Rushmore Project and Tact

I’ve started off with my research into Mount Rushmore again, and this time around I’m using the web and reaching out to strangers for assets that I can hopefully use to create timelines and flash montages. It’s a bit difficult, because a number of the folks that I’m encountering and reaching out to are Native Americans. I actually prefer the Canadian term, First Nations peoples. However, my undergraduate days were close by the St. Regis Reservation in northern New York State, and the Mohawks I knew from a couple of my classes just preferred to be called ‘Indians’, as un-PC as that term has become.

I never know how much to say. On the one hand, I wouldn’t be surprised if no one answers me. In many ways these letters are requests that are being cast out as a net to see what I can gather together. Collaboration is a big part of the social changes that the Internet has unleashed, so it’s in the spirit of global collaboration that I’m actually looking for photos from other individuals.

My topic, however, borders on an exposé. I am talking about well known historical facts… well known to historians and those whose lives are directly touched by Mount Rushmore’s murky past, that is. Penn and Teller did an episode on their series ‘Bullshit!’ which was the first time that I myself became aware of the controversy, so there’s more than a few of Penn and Teller’s viewers who also know that Mt Rushmore has more to it than just an icon of the American Dream…. it’s wrapped up in racism and Manifest Destiny and the abject historical greed of the United States. Our very own ‘Free Tibet’ issue, as one commenter to the blog so aptly compared things.

Tact vs. Guilt

I don’t want to come off as guilty when I approach these strangers. I don’t really feel any personal sense of guilt when I think of the Mount Rushmore controversy, but I do feel a bit of an obligation to have both sides of the story well represented, and it seems that so very few people know about the snarls in the development and execution of the monument itself.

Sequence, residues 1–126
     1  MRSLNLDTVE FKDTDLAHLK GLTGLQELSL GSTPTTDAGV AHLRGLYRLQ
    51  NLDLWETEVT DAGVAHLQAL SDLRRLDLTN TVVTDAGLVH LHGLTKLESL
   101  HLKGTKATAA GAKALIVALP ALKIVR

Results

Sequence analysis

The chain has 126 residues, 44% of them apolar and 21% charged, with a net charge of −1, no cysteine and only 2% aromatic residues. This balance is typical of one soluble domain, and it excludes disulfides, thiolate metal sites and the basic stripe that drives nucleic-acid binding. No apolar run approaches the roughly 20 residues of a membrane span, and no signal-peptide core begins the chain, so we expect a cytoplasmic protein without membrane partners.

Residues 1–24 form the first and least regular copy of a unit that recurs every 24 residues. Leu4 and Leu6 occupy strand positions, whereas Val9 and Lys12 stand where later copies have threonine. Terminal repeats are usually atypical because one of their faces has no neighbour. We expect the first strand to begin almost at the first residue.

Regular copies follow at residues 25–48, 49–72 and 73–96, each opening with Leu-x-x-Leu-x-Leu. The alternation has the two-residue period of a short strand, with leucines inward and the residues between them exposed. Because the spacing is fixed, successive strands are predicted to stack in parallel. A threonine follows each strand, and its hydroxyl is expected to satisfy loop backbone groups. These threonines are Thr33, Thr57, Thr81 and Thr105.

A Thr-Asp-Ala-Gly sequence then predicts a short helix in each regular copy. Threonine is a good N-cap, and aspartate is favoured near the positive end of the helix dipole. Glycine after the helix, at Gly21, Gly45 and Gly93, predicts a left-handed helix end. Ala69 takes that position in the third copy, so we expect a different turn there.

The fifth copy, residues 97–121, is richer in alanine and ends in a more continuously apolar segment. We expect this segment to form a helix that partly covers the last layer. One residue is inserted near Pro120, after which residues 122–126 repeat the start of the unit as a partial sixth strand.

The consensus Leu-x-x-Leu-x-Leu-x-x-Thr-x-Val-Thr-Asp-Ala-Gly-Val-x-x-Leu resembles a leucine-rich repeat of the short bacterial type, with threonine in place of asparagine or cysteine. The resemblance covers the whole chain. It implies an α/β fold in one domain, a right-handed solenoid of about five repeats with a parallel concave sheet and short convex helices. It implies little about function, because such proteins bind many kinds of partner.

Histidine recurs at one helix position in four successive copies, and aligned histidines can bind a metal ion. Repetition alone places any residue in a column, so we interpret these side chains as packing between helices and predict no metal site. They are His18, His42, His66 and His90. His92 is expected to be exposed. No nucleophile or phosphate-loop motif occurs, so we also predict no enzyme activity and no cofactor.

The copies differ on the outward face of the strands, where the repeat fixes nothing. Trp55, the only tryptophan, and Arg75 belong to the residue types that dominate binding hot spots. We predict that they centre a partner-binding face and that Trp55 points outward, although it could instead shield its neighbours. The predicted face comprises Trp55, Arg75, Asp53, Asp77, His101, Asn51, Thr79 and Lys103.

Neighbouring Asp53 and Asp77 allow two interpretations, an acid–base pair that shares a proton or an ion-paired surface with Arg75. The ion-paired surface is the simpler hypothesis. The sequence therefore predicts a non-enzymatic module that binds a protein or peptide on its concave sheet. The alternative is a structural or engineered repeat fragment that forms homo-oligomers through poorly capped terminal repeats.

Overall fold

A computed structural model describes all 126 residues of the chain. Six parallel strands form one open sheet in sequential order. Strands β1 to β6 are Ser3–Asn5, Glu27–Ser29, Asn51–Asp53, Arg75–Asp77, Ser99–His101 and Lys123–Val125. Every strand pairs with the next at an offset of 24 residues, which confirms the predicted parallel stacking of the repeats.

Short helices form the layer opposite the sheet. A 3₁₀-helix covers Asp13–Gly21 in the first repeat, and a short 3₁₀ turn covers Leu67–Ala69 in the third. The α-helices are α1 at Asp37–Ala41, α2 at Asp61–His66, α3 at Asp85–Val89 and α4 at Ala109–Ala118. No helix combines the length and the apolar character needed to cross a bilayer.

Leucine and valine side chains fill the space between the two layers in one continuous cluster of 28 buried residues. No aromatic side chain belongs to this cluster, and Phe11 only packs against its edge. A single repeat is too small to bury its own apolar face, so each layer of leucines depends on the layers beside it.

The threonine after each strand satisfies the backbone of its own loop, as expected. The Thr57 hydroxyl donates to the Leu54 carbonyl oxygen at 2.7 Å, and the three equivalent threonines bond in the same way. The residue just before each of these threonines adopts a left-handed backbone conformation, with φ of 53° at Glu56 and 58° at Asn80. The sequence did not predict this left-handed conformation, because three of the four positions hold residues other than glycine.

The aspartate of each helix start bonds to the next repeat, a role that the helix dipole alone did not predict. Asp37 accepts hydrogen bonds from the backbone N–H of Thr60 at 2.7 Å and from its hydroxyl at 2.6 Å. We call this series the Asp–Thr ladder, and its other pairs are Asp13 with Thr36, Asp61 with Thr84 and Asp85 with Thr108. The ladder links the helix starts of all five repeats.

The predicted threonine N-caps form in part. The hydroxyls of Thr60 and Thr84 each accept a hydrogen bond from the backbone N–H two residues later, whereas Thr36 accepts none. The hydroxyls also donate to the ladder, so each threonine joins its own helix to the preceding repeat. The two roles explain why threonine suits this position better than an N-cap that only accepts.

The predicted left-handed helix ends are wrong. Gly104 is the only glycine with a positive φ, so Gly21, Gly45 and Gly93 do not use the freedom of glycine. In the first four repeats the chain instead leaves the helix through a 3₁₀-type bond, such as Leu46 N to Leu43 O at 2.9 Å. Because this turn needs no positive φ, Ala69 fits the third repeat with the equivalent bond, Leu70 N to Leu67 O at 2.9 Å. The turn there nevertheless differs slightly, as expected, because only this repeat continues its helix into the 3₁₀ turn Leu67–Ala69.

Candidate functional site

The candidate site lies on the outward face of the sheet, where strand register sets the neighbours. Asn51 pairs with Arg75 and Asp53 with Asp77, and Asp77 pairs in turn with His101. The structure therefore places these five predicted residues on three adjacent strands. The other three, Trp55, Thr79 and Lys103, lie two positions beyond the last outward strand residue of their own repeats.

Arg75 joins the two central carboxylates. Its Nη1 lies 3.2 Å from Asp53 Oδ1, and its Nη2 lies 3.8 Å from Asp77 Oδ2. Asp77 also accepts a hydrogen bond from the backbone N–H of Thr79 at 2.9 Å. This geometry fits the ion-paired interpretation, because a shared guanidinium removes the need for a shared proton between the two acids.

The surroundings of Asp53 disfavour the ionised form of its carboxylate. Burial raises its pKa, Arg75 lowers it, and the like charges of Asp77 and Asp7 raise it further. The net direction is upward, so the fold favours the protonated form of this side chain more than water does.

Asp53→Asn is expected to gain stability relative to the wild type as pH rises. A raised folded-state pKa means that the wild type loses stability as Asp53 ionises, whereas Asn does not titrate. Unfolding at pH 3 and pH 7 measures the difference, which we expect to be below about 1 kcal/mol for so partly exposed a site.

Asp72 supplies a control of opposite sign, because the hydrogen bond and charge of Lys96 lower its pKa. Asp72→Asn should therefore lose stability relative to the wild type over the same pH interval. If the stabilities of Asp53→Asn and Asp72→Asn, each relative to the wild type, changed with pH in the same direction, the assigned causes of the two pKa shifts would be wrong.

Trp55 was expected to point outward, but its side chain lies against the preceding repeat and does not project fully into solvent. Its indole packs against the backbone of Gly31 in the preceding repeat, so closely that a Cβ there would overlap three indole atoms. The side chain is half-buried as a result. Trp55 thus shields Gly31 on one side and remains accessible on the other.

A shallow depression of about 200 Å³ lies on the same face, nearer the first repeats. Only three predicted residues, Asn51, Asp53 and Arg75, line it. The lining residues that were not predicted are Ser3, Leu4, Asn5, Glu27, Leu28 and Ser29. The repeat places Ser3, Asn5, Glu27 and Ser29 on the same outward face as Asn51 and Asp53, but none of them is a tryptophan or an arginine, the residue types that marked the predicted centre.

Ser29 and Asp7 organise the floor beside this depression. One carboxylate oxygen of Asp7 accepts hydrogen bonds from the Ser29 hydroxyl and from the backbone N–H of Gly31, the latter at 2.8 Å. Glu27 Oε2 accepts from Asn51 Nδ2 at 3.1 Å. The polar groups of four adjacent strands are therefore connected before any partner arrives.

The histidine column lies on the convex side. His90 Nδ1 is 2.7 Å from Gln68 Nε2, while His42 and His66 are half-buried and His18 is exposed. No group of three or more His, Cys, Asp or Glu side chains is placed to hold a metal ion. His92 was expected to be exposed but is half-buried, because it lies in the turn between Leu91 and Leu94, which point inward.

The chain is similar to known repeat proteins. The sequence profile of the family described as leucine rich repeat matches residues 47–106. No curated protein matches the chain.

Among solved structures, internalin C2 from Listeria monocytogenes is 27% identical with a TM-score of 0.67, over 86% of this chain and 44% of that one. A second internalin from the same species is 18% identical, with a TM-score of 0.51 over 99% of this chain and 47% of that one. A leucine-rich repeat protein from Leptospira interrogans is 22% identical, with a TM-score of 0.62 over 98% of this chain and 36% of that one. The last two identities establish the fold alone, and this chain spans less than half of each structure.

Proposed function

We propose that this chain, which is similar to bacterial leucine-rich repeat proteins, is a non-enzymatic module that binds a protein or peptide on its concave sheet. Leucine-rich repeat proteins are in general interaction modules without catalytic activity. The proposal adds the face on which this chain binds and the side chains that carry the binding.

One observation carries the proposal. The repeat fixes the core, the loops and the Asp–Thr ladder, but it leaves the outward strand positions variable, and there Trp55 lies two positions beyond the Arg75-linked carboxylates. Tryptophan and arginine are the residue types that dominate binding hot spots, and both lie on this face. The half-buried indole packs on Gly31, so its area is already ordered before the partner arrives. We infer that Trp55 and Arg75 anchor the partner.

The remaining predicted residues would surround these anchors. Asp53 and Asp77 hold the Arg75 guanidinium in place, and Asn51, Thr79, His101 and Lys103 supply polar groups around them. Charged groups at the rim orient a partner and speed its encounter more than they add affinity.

At the same time, I did study Mohawk for two semesters in college. (The language is extremely difficult, but I can still sing ‘The 10 People’, which we used as a mnemonic for counting …. to the tune of ’10 Little Indians’).  My teacher was a woman named Kaseiwaian, which translates in Mohawk to ‘the Winnower’, or ‘She separates the wheat from the chaff’. She was part of an Alcoa grant-funded effort on the St. Regis Reservation to preserve Mohawk language.

Two semesters of it, two semesters of trying to learn how to speak Mohawk, and in the end I didn’t do so well. However, myself and another white student actually were given Mohawk names by Kaseiwaian in our second semester. Mine is Rotewe, or ‘he is happy’.  It was a nice gesture, and I was doing ceramics at the time, so I made Kaseiwaian a plate that I carved with a wolf’s head on it and the word ‘Iako:kwaho’ on it, for ‘She is wolf clan’, although Kaseiwaian told me I got the grammar wrong.  😉 Collegiate macaroni art, I guess.

In any case, I walked away from those two classes with a deep and abiding respect for the culture of the Mohawk in specific, and the rest of the First Nations by extension. That respect was deep enough that I honor them by *not* walking the Amerindian path spiritually or culturally. Heck, my ancestors stole their land and dignity, no need for me to take their culture. Besides, I can be white and still be respectful, appreciating without adopting.

I just hope that I can communicate that respect as I basically send out the word that I’m looking for photos, videos, podcasts, scans, etc. of media which relate to the Paha Sapa (Black Hills) and Mount Rushmore itself.

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